Everyone knows that food safety is important. So important, in fact, that the United Nations created an actual “World Food Safety Day”, to draw attention and raise awareness for the consequences of contaminated food and water.
Food safety is an action taken to create and uphold safe and acceptable levels of food for consumers. Precautions are written and actions are taken place constantly to eliminate hazards in food that can possibly cause severe sickness or even death to consumers. These food hazards can be microbiological, chemical, or physical in nature, and are most of the time invisible to the human eye. Some examples include pesticide residues, bacteria, and a multitude of viruses.
Food safety plays a very important role in making sure that food stays safe through every stage of the supply chain, from farming to harvest, and through processing distributions, storage, and into the kitchen of the consumer.
There are as many as 600 million cases of foodborne illnesses every single year, and food illness can be a very serious threat to humans as well as entire economies. It can sadly affect many vulnerable and marginalized people, specifically women in children living in countries that are affected by conflict and migrants.
In developing countries, statistics show that up to 3 million people die every year from food and waterborne diseases. Food is so important to our well-being and health, and it’s critical that we never take food safety for granted.
With today’s world becoming more complex and logistics chains developing and becoming longer and more complicated, more standards and regulations need to be in place to ensure that the food that is traveling through it is kept and handled safely.
Food Safety is Everyone’s Business
The theme is currently “Food safety, everyone’s” business. The WHO (World Health Organisation) has created a campaign that is action-oriented and will promote global food safety awareness, and work alongside whole countries, governments, private sector, UN organizations, and the public, encouraging them to take action.
It’s important to know and be aware of how our food is produced, handled, stored, and eventually consumed, as every part of this process affects the safety of it. Complying with Global Food Standards, establishing regulatory quality food control systems that have emergency preparedness and available response is critical.
Food safety is not just the responsibility of the government and agricultural industries, but ours as well. Everyone has a role to play, from farm to table to help ensure quality food distribution and keep the industry accountable.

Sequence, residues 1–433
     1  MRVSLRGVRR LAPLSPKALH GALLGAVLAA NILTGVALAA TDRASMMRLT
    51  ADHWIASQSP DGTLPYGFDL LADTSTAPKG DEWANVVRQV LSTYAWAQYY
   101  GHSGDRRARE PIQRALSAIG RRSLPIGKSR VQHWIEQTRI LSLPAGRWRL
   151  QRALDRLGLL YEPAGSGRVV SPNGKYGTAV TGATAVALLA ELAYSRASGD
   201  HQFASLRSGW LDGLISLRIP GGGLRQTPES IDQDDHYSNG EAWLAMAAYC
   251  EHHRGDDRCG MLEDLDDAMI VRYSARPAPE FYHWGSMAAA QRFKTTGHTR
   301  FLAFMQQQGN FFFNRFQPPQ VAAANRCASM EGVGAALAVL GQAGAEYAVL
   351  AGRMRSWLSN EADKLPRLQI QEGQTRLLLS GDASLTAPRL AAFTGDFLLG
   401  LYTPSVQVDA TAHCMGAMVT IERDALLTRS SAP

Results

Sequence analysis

With that, World Food Safety day was created, and WHO creates efforts to help mainstream and ensure food safety to the public, aiming to reduce food burden diseases on a global scale.
Food Safety and Sustainable Development Goals
Although acknowledgment and awareness are a great stepping stone to helping resolve these issues, having set goals is just as important. Applying Food Safety actually helps achieve a few of the Sustainable Development Goals set by the United Nations.
Safe food not only helps reduce illness, but can create economic prosperity, boost agriculture, tourism, and sustainable development.
Here are a few goals outlined below:
- Goal 2 — There is no food security without food safety. Ending hunger is about all people having access to safe, nutritious, and sufficient food all year round.
- Goal 3 — Food safety has a direct impact on people’s health and nutritional intake. Foodborne diseases are preventable.
- Goal 12 — When countries strengthen their regulatory, scientific, and technological capacities to ensure that food is safe and of the expected quality throughout the food chain, they move towards more sustainable patterns of food production and consumption.
- Goal 17 — A globalized world with annual food exports currently in excess of USD 1.6 trillion and complex food systems demands international cooperation across sectors to ensure food is safe. Food safety is a shared responsibility among governments, food industries, producers, and consumers.
World Food Safety day is on June 7th, 2021 of this year, and we at PostHarvest Learning are here to educate and raise awareness on how we can all make a difference, so please go ahead and read more articles here, or go through some free online courses here.